Scott Merrill, 2016 Driehaus Prize laureate
Scott Merrill, an architect known for his originality and creative application of architectural precedents, has been named the recipient of the 2016 Richard H. Driehaus Prize at the University of Notre Dame. Merrill, the 14th Driehaus Prize laureate, will be awarded the $200,000 prize and a bronze miniature of the Choregic Monument of Lysikrates during a ceremony on March 19 (Saturday) in Chicago.
In conjunction with the Driehaus Prize, Eusebio Leal Spengler, city historian of Havana, Cuba, will receive the $50,000 Henry Hope Reed Award, given annually to an individual working outside the practice of architecture who has supported the cultivation of the traditional city, its architecture and art.
“Scott Merrill has demonstrated how the principles of classicism can be used as a foundation for designing buildings that respond to and express regional character while employing the richness of precedents found throughout the ages, including our own,” said Michael Lykoudis, Driehaus Prize jury chair and Francis and Kathleen Rooney Dean of Notre Dame’s School of Architecture. “His applications of architectural forms from various times and places to modern settings are used to reinforce the values of community, beauty and sustainability without sacrificing economy.”
Merrill’s extensive knowledge of vernacular and classical traditions in architecture form the base of his imaginative buildings that are built on a human scale and imbued with originality as well as beauty. His designs span from single-family houses to master plans and include an impressive variety of building types such as a federal courthouse, apartment buildings, town halls, an equestrian center and an acclaimed chapel in Seaside, Florida.
After graduating from the University of Virginia, Merrill went on to receive a master of architecture degree from Yale University. He is the founder and principal designer of Merrill, Pastor & Colgan Architects in Vero Beach, Florida. The firm, known for its integration of building type and site planning, has designed projects in varied locales including England, Haiti, New Zealand, Russia, Saudi Arabia, Scotland and the United Arab Emirates as well as throughout the United States, Canada and the Caribbean.
“The jury’s selection of Scott Merrill as the 2016 Driehaus Prize laureate brings into focus his remarkable ability to apply the principles of traditional architecture to a wide variety of building types while integrating unique regional identities,” said Richard H. Driehaus, founder, chairman and chief investment officer of Chicago-based Driehaus Capital Management LLC. “His work beautifully demonstrates the inherent versatility of traditional architecture.”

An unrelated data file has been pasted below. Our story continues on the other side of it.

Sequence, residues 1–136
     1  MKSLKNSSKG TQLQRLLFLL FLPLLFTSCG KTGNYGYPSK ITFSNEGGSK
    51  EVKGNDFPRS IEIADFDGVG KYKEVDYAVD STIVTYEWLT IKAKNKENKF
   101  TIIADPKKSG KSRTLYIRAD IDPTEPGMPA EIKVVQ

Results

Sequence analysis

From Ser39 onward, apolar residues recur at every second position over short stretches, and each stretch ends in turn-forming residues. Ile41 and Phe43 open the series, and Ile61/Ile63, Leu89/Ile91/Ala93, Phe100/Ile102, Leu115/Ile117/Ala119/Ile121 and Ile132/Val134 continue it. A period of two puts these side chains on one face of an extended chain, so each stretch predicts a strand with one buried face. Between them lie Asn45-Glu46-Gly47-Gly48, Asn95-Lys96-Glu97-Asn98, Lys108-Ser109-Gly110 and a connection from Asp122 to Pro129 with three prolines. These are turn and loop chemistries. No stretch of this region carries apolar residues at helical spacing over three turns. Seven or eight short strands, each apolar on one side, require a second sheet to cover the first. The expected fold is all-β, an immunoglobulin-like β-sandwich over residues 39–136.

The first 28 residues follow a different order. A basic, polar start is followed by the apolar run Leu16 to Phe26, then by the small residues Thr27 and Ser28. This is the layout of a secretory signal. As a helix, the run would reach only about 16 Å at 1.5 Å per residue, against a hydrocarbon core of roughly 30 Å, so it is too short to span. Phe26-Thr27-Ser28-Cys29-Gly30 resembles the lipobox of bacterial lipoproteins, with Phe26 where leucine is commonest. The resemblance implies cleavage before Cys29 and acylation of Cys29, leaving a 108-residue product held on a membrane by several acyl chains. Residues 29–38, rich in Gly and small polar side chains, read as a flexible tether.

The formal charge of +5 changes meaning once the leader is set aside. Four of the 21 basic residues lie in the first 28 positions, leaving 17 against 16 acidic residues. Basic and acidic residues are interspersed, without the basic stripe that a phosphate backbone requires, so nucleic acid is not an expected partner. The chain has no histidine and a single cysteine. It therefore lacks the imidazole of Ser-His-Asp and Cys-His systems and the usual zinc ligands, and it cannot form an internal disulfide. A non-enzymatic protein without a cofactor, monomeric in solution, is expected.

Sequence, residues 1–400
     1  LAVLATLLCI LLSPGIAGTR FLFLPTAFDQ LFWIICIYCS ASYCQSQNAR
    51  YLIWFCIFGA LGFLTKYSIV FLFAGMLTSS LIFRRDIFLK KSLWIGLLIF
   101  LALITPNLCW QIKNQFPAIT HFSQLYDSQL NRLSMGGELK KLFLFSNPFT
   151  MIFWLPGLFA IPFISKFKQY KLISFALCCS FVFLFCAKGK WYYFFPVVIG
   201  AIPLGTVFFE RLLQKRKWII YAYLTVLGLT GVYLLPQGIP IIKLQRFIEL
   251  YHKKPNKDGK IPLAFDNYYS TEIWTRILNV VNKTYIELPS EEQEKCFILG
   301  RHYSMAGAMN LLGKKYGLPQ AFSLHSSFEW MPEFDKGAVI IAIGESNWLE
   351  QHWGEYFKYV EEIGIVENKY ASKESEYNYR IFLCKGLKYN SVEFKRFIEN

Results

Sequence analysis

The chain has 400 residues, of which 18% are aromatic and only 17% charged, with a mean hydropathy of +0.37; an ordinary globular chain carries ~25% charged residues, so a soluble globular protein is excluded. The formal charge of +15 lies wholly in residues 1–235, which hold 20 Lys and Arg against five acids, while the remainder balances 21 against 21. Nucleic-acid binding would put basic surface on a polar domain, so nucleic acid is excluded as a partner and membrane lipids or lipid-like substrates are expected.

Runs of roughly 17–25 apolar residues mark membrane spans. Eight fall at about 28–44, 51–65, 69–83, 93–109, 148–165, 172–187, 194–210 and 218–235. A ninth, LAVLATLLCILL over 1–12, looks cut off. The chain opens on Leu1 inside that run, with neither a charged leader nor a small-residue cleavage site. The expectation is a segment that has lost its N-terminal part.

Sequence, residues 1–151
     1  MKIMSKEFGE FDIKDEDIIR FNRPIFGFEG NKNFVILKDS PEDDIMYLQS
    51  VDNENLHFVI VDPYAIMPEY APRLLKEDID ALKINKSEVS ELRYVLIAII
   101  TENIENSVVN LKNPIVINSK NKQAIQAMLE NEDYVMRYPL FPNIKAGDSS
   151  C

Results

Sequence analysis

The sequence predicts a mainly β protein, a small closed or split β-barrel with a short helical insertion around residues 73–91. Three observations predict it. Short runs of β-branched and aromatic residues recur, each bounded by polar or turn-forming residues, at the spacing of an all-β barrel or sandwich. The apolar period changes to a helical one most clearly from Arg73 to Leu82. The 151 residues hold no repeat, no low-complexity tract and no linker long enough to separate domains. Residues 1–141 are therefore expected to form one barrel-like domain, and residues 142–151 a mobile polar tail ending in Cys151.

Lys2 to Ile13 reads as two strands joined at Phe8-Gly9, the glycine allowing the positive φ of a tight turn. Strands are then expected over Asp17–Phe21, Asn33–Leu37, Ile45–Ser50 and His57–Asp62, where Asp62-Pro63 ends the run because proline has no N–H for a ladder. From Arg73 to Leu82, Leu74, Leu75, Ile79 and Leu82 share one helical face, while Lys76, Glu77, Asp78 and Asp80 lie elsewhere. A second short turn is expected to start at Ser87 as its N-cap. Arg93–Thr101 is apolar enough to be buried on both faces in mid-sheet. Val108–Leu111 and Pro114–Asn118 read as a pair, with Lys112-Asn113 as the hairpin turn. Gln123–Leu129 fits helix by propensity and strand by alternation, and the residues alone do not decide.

The Richard H. Driehaus Prize at the University of Notre Dame was established in 2003 to honor lifetime contributions to traditional, classical and sustainable architecture and urbanism in the modern world. The prize is awarded annually to a living architect whose work has had positive cultural, environmental and artistic impact in keeping with the highest ideals of classical architecture in contemporary society.
Eusebio Leal Spengler. Photo by Alexis Rodríguez.
The award ceremony on March 19 will also honor the Henry Hope Reed Award laureate, Eusebio Leal Spengler, whose innovative leadership saved the historic center of Old Havana. Leal transformed the Office of the Historian from a conventional cultural agency to a financially autonomous model of management that not only generates the funds needed to undertake complex restoration projects but also provides support for the local community.
“I applaud the selection of Dr. Leal as the recipient of the 2016 Henry Hope Reed Award,” said Driehaus. “His tireless and strategic efforts to protect the cultural heritage of the Cuban people are an inspiration to all of us with a passion for historic preservation. His work has ensured that Havana will be a source of inspiration for all of us in perpetuity.”
Leal is the Havana City Historian as well as the director of the restoration program of Old Havana and its historic center, which is a UNESCO World Heritage Site. Additionally, he serves as deputy to the National Assembly in Cuba, as president of the Commission of Monuments in the City of Havana and as a United Nations goodwill ambassador. Leal is a specialist in archaeological sciences and received a master’s degree in Latin American, Caribbean and Cuban studies from the University of Havana as well as a doctorate in historical sciences.
“Eusebio Leal’s work in Havana has not only helped save what is one of the most stunningly beautiful cities in the world, and in particular the western hemisphere, but also by example, it has highlighted the importance of an architectural and urban culture that maintains a spirit of conservation and investment as opposed to consumption and waste,” said Lykoudis.
Recipients of this year’s Driehaus Prize and Reed Award were selected by a jury composed of Adele Chatfield-Taylor, president emerita of the American Academy in Rome; Robert Davis, developer and founder of Seaside, Florida; Paul Goldberger, contributing editor at Vanity Fair; Léon Krier, architect and urban planner; Demetri Porphyrios, principal of Porphyrios Associates; and Witold Rybczynski, Meyerson Professor Emeritus of Urbanism at the University of Pennsylvania.
For more information about the Driehaus Prize, visit DriehausPrize.org.
Contact: Mary Beth Zachariades, School of Architecture, 574-631-5720, firstname.lastname@example.org
A Driehaus Prize media kit is available here.
Originally published by Mary Beth Zachariades at news.nd.edu on January 20, 2016.